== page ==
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Throwing Apples Against Windows

Does using an Apple a day really keep the computer doctor away? 7.5% of you sure think so!*


So what makes using a Mac so lucrative even though it isn’t as versatile nor compatible as it’s Windows PC counterparts? Could it be its aesthetics, its reliability, it’s “immunity” to viruses, or even just the fact that it isn’t running Windows? Let’s dive in a little further on why a Mac may or may not be right for you.

First and foremost, Apple products are typically going to be more expensive than their competitors. This definitely applies with MacBooks and iMacs – the most common personal computers Apple offers. For essentially the same hardware, you’re paying almost double than if you got a PC (we’ll refer to Windows-based computers as “PC” although Macs can certainly qualify as a personal computer). The price you pay does lend to the fact that the parts are of high quality, along with your computer experience being near seamless.

The big qualifier in why Apple products are so popular is because Apple designs both the hardware and the software. What this means to you is a computer that fully knows what’s inside of it and could utilize it to the fullest. It’s rare to have a Mac computer with custom parts inside because of this. Simply put, you’re getting the full package. This is unlike Windows which is generic enough to work with computers from companies like Lenovo, HP, and Dell – but drivers and compatibility issues can come to rise.

Many users who already have an iPhone or iPad can identify where to find things in a Mac. Granted, the process is a little different on the computers but the icons, names, and essentially the functions are the same. It should be noted that there is still a learning curve with using a Mac computer if you’re used to Windows. To many, it’s simplified down; not as many options. This may actually appeal to you as you don’t have to worry so much about particular settings or obscure menus. Just get done whatever you set out to do!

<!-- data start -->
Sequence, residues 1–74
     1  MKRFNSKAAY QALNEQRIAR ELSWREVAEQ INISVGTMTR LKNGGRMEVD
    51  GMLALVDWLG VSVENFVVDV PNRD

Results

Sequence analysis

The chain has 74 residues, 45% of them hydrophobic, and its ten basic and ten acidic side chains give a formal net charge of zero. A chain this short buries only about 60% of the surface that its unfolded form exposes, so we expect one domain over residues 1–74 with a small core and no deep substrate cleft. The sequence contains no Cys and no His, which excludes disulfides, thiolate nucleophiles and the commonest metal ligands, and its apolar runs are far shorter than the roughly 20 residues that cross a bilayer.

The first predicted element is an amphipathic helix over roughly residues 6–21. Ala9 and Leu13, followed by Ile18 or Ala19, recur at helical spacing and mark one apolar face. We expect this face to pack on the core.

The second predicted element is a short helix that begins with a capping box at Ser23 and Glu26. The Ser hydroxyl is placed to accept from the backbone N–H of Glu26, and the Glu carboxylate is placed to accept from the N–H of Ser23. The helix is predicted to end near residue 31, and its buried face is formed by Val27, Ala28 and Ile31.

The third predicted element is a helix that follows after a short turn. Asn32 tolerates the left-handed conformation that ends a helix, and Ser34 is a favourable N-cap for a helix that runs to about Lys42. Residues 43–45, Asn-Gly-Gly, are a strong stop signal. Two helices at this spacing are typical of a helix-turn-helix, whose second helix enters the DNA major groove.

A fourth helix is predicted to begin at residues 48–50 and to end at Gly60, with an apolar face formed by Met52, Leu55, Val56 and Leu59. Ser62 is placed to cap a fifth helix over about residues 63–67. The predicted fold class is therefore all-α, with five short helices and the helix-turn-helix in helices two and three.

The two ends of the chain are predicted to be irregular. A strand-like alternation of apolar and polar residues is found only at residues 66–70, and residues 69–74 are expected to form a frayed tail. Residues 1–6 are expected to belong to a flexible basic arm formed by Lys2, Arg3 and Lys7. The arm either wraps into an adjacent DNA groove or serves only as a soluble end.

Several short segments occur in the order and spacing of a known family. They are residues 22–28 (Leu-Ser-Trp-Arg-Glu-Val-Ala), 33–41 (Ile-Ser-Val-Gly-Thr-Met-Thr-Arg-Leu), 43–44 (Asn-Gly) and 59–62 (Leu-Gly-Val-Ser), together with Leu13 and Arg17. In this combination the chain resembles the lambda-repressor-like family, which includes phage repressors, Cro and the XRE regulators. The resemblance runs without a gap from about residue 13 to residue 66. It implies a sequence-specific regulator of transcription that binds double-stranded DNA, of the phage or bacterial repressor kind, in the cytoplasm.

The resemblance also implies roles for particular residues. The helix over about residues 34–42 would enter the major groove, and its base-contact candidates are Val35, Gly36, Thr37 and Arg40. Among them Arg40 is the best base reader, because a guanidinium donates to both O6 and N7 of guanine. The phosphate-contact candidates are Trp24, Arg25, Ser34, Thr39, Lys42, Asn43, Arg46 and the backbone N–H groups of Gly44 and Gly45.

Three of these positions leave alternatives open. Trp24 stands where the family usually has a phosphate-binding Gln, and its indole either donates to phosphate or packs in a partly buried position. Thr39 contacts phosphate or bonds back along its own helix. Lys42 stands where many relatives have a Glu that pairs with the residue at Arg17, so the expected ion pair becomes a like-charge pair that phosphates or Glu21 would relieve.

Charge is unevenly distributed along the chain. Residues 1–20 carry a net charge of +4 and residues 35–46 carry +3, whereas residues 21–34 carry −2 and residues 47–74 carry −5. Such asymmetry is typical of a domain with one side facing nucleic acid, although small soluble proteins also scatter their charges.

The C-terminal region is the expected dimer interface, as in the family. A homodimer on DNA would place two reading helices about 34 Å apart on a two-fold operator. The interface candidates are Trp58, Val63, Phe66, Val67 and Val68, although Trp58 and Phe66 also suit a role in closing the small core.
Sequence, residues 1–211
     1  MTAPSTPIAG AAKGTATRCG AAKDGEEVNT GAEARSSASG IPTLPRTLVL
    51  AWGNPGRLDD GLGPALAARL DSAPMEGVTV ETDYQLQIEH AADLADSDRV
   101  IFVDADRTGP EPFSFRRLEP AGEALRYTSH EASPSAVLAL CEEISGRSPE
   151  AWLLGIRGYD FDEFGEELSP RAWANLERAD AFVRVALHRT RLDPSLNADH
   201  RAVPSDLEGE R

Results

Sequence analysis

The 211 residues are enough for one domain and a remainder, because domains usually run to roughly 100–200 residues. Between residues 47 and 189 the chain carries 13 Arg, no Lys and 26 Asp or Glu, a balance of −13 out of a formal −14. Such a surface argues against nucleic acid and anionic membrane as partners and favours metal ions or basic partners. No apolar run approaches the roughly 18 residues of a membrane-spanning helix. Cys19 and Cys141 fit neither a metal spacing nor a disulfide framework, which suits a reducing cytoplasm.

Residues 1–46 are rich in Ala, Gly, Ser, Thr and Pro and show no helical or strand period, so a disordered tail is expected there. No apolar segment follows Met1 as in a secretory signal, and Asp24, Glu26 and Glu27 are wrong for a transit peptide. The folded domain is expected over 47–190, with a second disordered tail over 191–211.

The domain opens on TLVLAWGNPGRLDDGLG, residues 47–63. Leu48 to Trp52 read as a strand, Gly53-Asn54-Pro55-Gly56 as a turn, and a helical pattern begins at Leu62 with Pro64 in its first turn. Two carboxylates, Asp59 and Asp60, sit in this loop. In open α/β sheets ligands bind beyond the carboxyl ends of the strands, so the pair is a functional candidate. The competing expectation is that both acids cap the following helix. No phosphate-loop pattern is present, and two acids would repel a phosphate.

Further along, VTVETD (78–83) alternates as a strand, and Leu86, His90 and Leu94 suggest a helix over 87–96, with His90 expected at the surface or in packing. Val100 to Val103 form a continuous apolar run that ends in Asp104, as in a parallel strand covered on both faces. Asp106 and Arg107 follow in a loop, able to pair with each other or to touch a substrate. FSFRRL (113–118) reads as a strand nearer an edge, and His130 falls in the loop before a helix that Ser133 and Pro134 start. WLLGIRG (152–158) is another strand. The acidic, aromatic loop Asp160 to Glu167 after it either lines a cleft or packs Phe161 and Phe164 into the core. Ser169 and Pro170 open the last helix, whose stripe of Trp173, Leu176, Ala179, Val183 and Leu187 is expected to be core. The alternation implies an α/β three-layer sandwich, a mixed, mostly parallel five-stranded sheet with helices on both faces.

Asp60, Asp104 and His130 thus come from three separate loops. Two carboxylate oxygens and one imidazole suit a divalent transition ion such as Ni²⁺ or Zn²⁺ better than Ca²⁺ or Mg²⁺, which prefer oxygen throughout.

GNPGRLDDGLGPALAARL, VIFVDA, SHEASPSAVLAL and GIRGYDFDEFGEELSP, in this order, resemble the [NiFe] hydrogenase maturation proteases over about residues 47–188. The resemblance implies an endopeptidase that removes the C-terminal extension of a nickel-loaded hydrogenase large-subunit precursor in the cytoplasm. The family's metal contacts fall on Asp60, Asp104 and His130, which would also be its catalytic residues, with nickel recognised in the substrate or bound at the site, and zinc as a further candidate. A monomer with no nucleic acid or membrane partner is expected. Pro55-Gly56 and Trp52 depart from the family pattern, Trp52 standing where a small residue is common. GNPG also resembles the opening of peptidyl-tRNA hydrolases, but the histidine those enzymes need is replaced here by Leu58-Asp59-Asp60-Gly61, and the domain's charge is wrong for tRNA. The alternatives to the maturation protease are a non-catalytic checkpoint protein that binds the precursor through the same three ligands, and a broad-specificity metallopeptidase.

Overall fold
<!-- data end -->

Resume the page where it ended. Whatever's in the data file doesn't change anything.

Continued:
A very important thing to note is the fact that compatibility is not as strong as Windows machines. You’re not going to find all the programs and games available to you as what you could get with Windows. Granted, the list is certainly growing and many companies are creating products for both Mac and Windows – but using specialized programs or the latest games may not be available on Mac. There are ways around this by using programs such as Bootcamp or Parallels, but those can raise some issues also.

I’ll save the best for last since it’s one of the most commonly thought idea about Apple products: they don’t get viruses. Technically it’s true that they don’t get viruses in the literal definition of a virus. They certainly are not immune to malware, which to most people may as well be a virus. The difference isn’t as important to identify as it does to create a false sense of security that you can go anywhere on the web and not get anything malicious on your Mac. It simply is not true and in fact the amount of malware being designed for Mac computers is growing immensely due to this belief and the growing market share. Bottom line, you can still get infected on an Apple computer.

Although we don’t see any many Apple computers come in as PCs into the shop, we definitely see them sometimes have the same problems. As reliable and well-built as they are, they aren’t immune to having problems – albeit it doesn’t happen as often. Getting a Mac is an important decision to make and one that most people do not regret. Just be ready to learn to use your computer in a different manner than you’ve been used to with Windows!


*7.5% is the share Apple has in the computer market as of 2015, compared to other companies such as HP, Dell, Asus, and Lenovo among others.